A teenage boy would like to meet with a very pretty, blonde girl who lives next door. His elder brother helps him with a car and a credit card to be successful. This simple story gets ... See full summary »
Tom Crick, a high school history teacher, is having trouble connecting - with his class, with his wife. He ventures into telling his class stories about his young adulthood in the Fens ... See full summary »
Four children try to hold things together and play a family in their isolated prefab house after the death of their parents. As they begin to deteriorate mentally, they hide their mom's festering corpse in a makeshift concrete sarcophagus.
I've liked Hawke as an actor but didn't go into this film with high expectations. I was surprised at how competently this was made. While it covers fairly safe territory - a romantic drama - it does it with nice visuals and some originality. The protagonist William (Mark Webber) is a bit of a slacker, yet he was introspective enough to try to resolve some of his own issues when his lover Sarah (Catalina Sandino Moreno) splits and leaves him broken-hearted. The fact that this was tackled from the male perspective, and grappled with some psychological insight gave the film some gravitas. Mind you, how deeply a twenty-one year old can delve into his psyche is another thing.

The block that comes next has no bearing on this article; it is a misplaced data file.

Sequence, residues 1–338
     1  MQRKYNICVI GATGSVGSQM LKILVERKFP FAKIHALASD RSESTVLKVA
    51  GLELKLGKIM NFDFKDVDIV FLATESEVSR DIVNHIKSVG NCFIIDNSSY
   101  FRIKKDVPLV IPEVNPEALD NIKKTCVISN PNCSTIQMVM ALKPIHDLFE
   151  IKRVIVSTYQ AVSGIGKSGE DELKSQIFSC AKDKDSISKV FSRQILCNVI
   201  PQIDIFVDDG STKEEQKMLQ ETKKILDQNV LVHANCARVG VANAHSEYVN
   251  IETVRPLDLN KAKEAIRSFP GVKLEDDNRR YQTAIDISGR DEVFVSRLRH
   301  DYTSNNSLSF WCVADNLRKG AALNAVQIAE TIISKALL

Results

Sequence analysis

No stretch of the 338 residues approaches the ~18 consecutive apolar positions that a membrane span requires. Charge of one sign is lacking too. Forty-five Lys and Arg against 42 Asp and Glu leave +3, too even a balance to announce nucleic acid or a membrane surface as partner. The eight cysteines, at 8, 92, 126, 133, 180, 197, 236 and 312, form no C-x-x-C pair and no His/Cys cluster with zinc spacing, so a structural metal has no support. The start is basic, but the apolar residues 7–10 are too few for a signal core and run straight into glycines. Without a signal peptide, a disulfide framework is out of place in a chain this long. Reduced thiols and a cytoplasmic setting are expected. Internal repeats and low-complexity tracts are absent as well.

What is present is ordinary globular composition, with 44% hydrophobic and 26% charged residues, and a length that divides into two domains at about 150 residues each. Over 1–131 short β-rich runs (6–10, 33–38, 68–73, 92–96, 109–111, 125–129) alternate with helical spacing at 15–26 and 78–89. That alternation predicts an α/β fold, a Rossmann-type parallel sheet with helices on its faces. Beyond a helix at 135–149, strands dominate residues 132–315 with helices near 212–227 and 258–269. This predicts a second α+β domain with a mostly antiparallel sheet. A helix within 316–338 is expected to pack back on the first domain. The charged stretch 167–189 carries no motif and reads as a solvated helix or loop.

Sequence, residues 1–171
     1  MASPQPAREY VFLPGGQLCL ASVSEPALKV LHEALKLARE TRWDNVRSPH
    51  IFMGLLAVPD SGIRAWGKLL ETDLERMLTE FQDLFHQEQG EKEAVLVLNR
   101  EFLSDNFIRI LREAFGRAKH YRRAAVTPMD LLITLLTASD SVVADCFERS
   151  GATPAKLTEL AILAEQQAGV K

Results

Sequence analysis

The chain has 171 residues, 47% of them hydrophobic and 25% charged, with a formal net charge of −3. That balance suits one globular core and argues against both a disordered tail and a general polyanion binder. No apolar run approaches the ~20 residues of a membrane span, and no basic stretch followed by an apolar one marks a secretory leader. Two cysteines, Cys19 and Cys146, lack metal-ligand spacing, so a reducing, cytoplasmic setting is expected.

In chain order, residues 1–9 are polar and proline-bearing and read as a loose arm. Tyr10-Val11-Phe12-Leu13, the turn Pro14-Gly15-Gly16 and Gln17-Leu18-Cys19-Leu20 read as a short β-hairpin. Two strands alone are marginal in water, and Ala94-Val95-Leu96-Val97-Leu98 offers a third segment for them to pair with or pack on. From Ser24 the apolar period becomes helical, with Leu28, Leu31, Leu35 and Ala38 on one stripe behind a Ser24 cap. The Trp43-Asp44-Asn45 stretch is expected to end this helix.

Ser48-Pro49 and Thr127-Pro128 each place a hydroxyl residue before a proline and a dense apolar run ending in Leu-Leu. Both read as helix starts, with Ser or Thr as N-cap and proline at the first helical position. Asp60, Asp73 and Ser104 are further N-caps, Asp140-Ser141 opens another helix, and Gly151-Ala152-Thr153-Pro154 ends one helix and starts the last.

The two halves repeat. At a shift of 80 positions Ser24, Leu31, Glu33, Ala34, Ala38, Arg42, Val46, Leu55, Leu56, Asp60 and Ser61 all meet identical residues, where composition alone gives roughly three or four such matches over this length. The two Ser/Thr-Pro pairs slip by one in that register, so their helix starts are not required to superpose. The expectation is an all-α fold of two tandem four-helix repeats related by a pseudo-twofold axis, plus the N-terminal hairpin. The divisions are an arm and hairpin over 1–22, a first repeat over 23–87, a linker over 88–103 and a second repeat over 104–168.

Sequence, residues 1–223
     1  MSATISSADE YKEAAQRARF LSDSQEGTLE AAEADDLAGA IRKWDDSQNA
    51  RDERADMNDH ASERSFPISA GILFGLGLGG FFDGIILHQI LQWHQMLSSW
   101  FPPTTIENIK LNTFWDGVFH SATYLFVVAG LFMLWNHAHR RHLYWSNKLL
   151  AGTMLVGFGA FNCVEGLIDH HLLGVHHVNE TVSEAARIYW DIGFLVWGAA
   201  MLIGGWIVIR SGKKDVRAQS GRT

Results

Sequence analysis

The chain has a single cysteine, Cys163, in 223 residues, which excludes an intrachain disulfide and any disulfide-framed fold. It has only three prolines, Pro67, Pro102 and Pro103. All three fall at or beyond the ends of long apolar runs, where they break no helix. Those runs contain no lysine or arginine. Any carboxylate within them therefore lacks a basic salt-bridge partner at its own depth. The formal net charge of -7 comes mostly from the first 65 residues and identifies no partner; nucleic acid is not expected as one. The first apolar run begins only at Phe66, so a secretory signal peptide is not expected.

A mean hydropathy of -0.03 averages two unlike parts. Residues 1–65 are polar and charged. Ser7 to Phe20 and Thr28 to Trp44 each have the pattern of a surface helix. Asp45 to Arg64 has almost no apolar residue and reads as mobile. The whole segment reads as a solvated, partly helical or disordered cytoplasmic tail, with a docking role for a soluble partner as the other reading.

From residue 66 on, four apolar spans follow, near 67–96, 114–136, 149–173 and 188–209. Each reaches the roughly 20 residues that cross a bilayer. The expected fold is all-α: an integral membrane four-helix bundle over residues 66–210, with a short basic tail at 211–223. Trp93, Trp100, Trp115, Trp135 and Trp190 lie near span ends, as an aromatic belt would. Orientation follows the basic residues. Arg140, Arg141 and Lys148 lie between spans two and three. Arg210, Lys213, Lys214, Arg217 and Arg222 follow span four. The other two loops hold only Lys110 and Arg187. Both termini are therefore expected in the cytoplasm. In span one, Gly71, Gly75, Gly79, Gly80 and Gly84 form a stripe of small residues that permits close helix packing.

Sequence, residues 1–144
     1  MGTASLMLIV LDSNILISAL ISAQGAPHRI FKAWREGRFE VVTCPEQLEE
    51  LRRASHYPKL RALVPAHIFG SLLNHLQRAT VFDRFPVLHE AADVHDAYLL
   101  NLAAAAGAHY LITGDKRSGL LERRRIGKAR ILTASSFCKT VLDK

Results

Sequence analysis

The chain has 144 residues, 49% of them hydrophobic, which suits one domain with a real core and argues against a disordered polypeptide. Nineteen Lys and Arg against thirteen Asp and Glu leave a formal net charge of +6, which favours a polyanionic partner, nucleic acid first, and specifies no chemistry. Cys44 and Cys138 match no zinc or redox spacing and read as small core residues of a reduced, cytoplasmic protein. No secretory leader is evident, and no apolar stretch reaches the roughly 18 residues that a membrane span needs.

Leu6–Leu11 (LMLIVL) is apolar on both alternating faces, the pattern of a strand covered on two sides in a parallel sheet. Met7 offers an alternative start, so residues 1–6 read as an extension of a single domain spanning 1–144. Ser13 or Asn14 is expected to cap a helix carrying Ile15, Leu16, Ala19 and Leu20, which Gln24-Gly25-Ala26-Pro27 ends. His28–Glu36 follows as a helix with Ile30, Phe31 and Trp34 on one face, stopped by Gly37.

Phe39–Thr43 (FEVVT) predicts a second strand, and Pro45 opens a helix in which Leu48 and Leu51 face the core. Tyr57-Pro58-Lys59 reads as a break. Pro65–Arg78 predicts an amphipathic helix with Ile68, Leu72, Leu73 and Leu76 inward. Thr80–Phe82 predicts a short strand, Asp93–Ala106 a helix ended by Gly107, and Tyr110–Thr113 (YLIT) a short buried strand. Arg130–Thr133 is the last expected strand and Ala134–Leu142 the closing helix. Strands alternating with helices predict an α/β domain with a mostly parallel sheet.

I found the film quite enjoyable, more than superficial, but still largely in the "middle-of-the-road" category - not that that's a bad thing. The cinematography was great, and there were nice camera angles. The music was nice but sometimes a little intrusive. While it's the type of film that's likely to do well at Sundance (maybe it has, I don't know), it's a lot better than the quirky comedies like Little Miss Sunshine et al. This film could do well on general release and was an OK film to add some variation to my MIFF viewings, but nothing to rave about. A good effort by Hawke (who is also a guest speaker at the festival).
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